March 31, 2017 | last updated March 31, 2017 2:08 pm
Women in Business 2017

Cox pushes innovation at Protein Sciences

Photo | Steve Laschever
Photo | Steve Laschever

Manon M.J. Cox

President & CEO

Protein Sciences Corp.

According to Protein Sciences CEO Manon Cox, "There is always more to learn."

It's a philosophy that has served her well, from her days researching cervical cancer in Amsterdam to now leading the privately held, Meriden-based research and development company, Protein Sciences Corp., which is creating vaccines and biopharmaceuticals worldwide.

"I'm a very curious person by nature," Cox said.

It's what kept her moving forward even after she missed the lottery for medical school in her native Netherlands. Inspired by her high school biology teacher, she reoriented herself to molecular biology and research sciences.

One of her first positions found her studying the connection, or lack thereof, between nuns and prostitutes and cervical cancer. That research helped develop a screening test and the HPV (human papillomavirus) vaccine now on the market.

"But then I got bored," she said, and moved onto a large R&D company and that's where her skills were noted by a manager who encouraged her to join a fast-track management program.

"For me it was a pivotal moment," said Cox, who holds a doctorate from the University of Wageningen, received her MBA from the University of Nijenrode and the University of Rochester, N.Y., and holds a doctorandus degree in molecular biology, genetics and biochemistry from the University of Nijmegen, The Netherlands. "That guy made me think that I was smart, that I had something to offer. You need people around you to lift you up and tell you that you can do more."

Today, Cox is recognized as a leader in innovation and influenza. She's been president and CEO of Protein Sciences since April 2010 after starting as director of business development in 1998.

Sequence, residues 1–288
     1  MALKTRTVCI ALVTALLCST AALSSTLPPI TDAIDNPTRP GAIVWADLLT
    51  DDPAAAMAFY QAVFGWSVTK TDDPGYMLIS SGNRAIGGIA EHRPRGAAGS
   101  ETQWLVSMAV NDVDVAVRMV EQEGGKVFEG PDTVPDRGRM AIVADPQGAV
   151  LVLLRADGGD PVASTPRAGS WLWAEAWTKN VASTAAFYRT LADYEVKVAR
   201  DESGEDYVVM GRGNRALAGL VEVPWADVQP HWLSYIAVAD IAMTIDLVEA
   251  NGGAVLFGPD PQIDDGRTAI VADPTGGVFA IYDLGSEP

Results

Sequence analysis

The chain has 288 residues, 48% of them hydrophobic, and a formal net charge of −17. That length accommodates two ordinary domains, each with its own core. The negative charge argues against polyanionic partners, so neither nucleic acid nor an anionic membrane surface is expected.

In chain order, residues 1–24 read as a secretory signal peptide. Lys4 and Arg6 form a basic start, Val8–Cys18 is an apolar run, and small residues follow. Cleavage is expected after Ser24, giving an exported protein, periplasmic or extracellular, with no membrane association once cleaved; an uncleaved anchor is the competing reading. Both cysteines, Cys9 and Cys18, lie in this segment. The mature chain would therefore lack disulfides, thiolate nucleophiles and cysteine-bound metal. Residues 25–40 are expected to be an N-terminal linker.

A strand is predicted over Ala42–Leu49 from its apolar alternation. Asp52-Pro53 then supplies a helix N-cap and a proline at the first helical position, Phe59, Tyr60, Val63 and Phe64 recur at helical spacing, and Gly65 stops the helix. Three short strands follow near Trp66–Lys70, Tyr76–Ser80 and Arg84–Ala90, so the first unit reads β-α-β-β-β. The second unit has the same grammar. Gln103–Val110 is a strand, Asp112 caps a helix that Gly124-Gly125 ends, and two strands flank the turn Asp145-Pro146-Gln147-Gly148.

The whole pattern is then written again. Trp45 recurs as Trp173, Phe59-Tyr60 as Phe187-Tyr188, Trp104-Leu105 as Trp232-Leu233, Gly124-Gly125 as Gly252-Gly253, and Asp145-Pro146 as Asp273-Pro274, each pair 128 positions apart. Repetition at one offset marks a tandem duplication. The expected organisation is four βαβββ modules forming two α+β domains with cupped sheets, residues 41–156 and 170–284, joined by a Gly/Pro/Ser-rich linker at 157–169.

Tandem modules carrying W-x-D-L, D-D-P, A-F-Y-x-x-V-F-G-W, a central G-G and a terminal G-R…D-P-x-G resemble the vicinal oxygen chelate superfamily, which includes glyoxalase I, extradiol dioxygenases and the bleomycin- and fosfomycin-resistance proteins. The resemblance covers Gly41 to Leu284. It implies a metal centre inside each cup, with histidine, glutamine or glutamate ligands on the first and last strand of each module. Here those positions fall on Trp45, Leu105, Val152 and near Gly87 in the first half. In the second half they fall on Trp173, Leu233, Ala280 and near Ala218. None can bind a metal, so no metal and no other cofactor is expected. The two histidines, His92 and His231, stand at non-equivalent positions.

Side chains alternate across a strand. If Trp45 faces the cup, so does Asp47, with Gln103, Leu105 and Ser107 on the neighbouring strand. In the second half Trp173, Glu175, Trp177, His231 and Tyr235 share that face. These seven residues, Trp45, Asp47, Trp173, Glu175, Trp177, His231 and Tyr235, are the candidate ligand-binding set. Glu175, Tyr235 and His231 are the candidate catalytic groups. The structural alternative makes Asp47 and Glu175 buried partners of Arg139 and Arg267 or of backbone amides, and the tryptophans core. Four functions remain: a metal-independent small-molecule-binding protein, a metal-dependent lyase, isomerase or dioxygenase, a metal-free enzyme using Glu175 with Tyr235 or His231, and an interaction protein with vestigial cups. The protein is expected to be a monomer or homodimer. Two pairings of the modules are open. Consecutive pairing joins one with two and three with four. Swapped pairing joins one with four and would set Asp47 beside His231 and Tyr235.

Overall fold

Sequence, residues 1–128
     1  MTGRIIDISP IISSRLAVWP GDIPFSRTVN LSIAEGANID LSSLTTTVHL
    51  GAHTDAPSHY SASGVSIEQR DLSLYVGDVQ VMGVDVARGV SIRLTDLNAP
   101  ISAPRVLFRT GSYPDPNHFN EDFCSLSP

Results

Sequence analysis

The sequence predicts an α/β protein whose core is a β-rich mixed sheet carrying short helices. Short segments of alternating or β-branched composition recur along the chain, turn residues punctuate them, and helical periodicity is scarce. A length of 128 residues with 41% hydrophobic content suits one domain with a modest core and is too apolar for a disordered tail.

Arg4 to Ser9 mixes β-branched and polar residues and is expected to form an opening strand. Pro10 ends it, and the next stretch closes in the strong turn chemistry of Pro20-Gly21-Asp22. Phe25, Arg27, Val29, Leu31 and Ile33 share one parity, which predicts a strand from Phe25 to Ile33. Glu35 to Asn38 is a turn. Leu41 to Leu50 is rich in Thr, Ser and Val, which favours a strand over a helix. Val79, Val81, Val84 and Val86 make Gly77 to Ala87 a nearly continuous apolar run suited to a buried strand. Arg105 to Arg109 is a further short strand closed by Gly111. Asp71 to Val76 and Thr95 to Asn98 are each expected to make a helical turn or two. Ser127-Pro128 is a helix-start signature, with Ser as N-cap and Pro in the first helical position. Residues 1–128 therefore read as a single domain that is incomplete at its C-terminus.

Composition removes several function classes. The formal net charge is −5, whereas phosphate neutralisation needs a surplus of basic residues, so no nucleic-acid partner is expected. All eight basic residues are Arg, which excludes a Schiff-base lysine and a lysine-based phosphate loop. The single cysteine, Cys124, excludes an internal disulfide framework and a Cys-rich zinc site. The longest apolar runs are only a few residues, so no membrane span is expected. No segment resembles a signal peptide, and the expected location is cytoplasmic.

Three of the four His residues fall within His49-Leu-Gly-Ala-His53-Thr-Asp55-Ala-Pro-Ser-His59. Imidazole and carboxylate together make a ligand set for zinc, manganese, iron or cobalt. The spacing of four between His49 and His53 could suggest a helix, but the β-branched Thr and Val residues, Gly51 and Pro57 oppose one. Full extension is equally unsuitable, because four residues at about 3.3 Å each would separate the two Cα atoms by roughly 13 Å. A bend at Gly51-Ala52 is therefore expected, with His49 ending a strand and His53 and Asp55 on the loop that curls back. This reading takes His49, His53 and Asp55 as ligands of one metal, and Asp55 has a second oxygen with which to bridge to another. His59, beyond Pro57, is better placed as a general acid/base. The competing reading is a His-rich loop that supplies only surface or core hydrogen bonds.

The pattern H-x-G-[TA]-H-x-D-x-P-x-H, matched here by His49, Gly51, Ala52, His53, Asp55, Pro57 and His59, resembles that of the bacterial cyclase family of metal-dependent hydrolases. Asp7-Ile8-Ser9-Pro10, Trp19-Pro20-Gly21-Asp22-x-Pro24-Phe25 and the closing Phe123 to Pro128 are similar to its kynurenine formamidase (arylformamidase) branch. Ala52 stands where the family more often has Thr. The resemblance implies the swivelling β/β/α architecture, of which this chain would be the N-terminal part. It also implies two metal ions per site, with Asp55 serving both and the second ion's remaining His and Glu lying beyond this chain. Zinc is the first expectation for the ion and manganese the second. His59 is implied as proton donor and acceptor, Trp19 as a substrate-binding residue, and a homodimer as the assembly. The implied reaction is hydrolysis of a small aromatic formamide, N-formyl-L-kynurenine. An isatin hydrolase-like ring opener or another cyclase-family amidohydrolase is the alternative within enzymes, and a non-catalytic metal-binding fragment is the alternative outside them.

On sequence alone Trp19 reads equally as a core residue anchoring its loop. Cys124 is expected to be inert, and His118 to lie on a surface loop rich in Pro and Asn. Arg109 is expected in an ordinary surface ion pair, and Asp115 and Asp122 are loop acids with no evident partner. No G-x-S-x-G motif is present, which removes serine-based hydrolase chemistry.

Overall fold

Under her leadership, Protein Sciences narrowed its research to fields within pandemic issues such as influenza, ZIKA and SARS and also invested millions of dollars to establish manufacturing operations at Pfizer's Pearl River Campus in Rockland County, N.Y.

The company is best known for Flublok, a flu vaccine that doesn't contain eggs or a live virus. It was approved by the Food and Drug Administration in Jan. 2013. Cox said Flublok sales are "good" in Connecticut and the company continues to expand across the nation and into Mexico, and is looking to partner with large pharmaceutical marketing and sales partners as the company grows.

"Protein Sciences received nearly $150 million from the United States government to make this nation better prepared for the next influenza pandemic," explained Cox. "We will be the first company to have the vaccine available weeks before others."

Just this February, Protein Sciences donated 45,000 doses of Flublok to The Partnership for Influenza Vaccine Introduction and the Mongolian Ministry of Health to help protect communities from the devastating impacts of the flu.

According to Cox, "It is our hope that this donation will not only help protect the people of Mongolia from the flu, but will also assist them in creating a lasting flu vaccination program."

Many of the near 200 employees at Protein Sciences, including Mireli Fino, compliment Cox for her forward-thinking strategy and ability to help grow not only the company, but the people within it as well.